I have a weekly column, every Saturday on Agweek. It has been a weekly discipline for me to write. Last week in the midst of mourning and grieving the loss of the Kvalvog boys it was difficult for me to write anything that was tailored to the 4th of July and Independence Day. After seeing the Dalton, Minnesota First Responders at the Kvalvog funeral I knew on the way home I had to honor them through my column. I put my words into a document, cried, edited, cried and by Thursday afternoon sent it to Agweek. Then I cried again.
I want to honor those who are rarely recognized, in happy or tragic times and selflessly serve our communities. Would my words be enough to reach them? I didn’t even read my column ahead of time to my husband, even after it was published, like I often do. I worried about walking a fine line of honoring the memory of the boys while recognizing the commendable work of emergency personnel.
By last night the column had been shared on Facebook by the Dalton, Minnesota fire chief, the exact people I wanted to reach. I would have never known if kind people from Dalton would not have written me to tell me what the words meant to them. Today the column was shared by our state’s largest newspaper, The Forum. More emails and Facebook messages came to me.
This afternoon instead of cleaning up for my daughter’s birthday party, I downloaded pictures I knew would be on my camera from the last basketball games Zach Kvalvog played with our son, Hunter and their AAU basketball team, the Red River Heat.
I could stare at the pictures all day. I want back in that gym in Tea, South Dakota where I complained they didn’t have a working clock for the first game. I want Ray Kvalvog sitting next to me again, cheering fiercely for our boys. I want to go back and have everything “perfect” like it was on June 6-7, 2015 at our last tournament together.
But I cannot go back. I cannot change what has happened.
I cannot forget either. So while I could have cleaned this afternoon, I allowed myself to respond to messages I received about the column. I re-read these words from a wife of a Dalton First Responder:
“My husband spent hours picking up personal belongings that day and was taken aback when he came across a Bible. I’m not sure which of the boys it belonged to, but he said it was laying in almost perfect condition with its pages open to Micah 5. He said that was indeed a “God moment” for him. That evening he read through Micah as a means to provide him some closure. He was touched by the small miracle of that intact Bible in the midst of all the wreckage from the day. I believe it has also drawn him closer to our (children.)”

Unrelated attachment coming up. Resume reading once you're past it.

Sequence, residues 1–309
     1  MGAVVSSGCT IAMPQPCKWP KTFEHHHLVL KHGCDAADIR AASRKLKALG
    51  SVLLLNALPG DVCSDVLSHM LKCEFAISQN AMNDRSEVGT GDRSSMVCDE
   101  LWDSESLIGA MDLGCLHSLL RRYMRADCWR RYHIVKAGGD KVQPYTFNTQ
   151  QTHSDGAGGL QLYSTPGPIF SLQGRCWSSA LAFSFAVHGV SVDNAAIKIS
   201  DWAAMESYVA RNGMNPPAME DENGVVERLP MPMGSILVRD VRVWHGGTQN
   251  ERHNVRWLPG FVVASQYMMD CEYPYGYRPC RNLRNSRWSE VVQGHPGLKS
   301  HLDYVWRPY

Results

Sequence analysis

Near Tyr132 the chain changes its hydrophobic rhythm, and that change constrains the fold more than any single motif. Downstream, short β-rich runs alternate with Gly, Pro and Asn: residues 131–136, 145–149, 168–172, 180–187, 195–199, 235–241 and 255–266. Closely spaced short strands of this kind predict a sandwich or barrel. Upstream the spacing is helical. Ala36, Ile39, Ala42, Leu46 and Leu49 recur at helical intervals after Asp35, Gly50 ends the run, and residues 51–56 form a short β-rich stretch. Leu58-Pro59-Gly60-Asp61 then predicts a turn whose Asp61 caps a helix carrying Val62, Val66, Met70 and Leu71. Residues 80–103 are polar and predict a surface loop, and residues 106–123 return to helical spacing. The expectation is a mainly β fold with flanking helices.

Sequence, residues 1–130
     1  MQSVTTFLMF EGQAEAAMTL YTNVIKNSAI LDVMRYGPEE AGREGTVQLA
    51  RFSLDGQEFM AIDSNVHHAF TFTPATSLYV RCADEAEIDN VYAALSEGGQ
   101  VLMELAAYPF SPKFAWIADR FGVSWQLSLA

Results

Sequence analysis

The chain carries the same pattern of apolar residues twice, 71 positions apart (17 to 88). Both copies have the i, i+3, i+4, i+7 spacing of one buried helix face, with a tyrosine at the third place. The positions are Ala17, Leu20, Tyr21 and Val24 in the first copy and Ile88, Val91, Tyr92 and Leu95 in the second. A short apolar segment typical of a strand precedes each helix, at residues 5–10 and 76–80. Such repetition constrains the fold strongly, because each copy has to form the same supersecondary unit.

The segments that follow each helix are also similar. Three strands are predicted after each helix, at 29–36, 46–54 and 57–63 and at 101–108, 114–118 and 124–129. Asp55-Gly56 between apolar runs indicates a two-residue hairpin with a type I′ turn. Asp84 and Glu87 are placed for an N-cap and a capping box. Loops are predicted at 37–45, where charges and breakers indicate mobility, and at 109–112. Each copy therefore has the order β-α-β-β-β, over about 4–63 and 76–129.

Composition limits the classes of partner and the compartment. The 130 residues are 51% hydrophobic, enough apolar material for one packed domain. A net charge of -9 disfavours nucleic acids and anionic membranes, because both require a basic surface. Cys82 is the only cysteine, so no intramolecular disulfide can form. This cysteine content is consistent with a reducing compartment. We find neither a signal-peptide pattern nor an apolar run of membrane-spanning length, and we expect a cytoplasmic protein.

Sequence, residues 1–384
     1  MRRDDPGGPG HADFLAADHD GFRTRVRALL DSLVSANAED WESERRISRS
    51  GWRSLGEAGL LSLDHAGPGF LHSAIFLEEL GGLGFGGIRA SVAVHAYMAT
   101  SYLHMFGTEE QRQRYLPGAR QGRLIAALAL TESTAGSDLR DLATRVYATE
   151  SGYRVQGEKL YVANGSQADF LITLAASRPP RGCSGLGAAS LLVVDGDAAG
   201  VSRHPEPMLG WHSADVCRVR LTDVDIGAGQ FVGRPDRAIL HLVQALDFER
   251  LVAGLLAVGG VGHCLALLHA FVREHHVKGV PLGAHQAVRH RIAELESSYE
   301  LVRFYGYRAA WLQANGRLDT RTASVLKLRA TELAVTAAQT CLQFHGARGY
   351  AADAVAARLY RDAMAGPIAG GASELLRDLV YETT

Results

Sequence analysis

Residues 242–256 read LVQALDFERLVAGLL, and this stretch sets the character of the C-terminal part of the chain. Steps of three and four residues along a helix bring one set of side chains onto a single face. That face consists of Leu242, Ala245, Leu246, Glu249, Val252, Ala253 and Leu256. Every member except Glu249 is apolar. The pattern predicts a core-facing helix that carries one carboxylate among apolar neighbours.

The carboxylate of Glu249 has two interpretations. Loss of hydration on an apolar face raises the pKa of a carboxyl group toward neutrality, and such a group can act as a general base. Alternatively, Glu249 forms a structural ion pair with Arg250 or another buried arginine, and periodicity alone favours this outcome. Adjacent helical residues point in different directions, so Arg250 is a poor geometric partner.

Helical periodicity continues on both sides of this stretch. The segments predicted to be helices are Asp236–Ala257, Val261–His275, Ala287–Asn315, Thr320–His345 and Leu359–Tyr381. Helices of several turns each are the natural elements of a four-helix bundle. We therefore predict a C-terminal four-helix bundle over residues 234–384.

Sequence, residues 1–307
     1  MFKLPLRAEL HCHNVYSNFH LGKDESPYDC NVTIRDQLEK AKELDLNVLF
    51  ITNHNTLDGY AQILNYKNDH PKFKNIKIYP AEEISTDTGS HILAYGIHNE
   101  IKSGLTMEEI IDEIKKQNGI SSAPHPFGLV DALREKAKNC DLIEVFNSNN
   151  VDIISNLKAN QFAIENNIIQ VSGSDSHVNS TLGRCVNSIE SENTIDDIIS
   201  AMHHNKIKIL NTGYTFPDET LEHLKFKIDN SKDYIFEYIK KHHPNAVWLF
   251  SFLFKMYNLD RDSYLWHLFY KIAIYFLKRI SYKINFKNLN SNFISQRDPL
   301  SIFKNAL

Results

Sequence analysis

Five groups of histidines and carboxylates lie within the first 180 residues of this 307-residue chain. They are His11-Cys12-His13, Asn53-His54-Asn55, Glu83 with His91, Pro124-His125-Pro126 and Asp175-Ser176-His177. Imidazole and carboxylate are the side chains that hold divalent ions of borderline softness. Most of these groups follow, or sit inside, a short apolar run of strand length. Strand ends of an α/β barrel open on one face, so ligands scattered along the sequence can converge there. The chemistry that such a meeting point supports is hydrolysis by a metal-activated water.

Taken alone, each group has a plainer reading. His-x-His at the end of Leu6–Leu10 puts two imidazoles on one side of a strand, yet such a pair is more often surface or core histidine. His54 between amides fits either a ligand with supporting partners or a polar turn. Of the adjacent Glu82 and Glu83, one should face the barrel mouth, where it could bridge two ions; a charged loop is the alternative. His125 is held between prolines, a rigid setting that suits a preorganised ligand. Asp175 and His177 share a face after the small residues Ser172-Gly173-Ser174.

I wasn’t suppose to get all my household checklist done today. I needed to learn this Godly lesson. God spoke to me through the messages and taught me that tragedy can bring us closer to God if we allow it to. It gives you and me an opportunity to witness and share our faith. God called on me to do that today.
The pastor at the funeral had shared the Bible in the wreckage story. But until I read it in the message today it hadn’t really hit me.
Micah 5:4 reads: He will stand and shepherd his flock in the strength of the Lord, in the majesty of the name of the Lord his God. And they will live securely, for then his greatness will reach to the ends of the earth.
Shepherd your flock. Have strength in the Lord.
The words stick.
Today I shared that Zach and Connor were Christians. They loved Jesus. We know they are in heaven. It gives us peace despite the unimaginable pain their parents are going through that the boys are playing basketball, singing, rejoicing and in perfect happiness with God.
We all have flocks to tend to, to share with, to root and grow in the Lord. That’s our job on earth. Ray and Kathie, parents of Zach and Connor did that and their children had mighty strength in the Lord.
Every message and email I received today was a gift to teach and guide me. Every photo I found was a surprise blessing, a memory I cannot go back to and relive again but one I can count as a blessing.
Daily as a child, I listened to Paul Harvey on AM radio with my dad. He always had a “rest of the story.” This is mine:
We have today. Shepherd your flock and have strength in the Lord.
Thank you, God.
Tara Lindquist says
My name is Tara and I an an EMT with Dalton Fire and Rescue and I was on the call that day and attended the funeral with my crew. I would like to thank you for your kind words about our department. You will never know how much it meant to all of us. Please get in touch with me, as our chief would like to talk to you.
Hi Tara, thank you. I sent you an email. This comment has made why I wrote this purposeful to know you have read it. We appreciate all you do. Thank you again.
David Palugyay says
Ironically, Tara Lindquist, the first responder above, was just sentenced for stealing from one of these young man’s wallets at the scene of the accident spoken about in this article.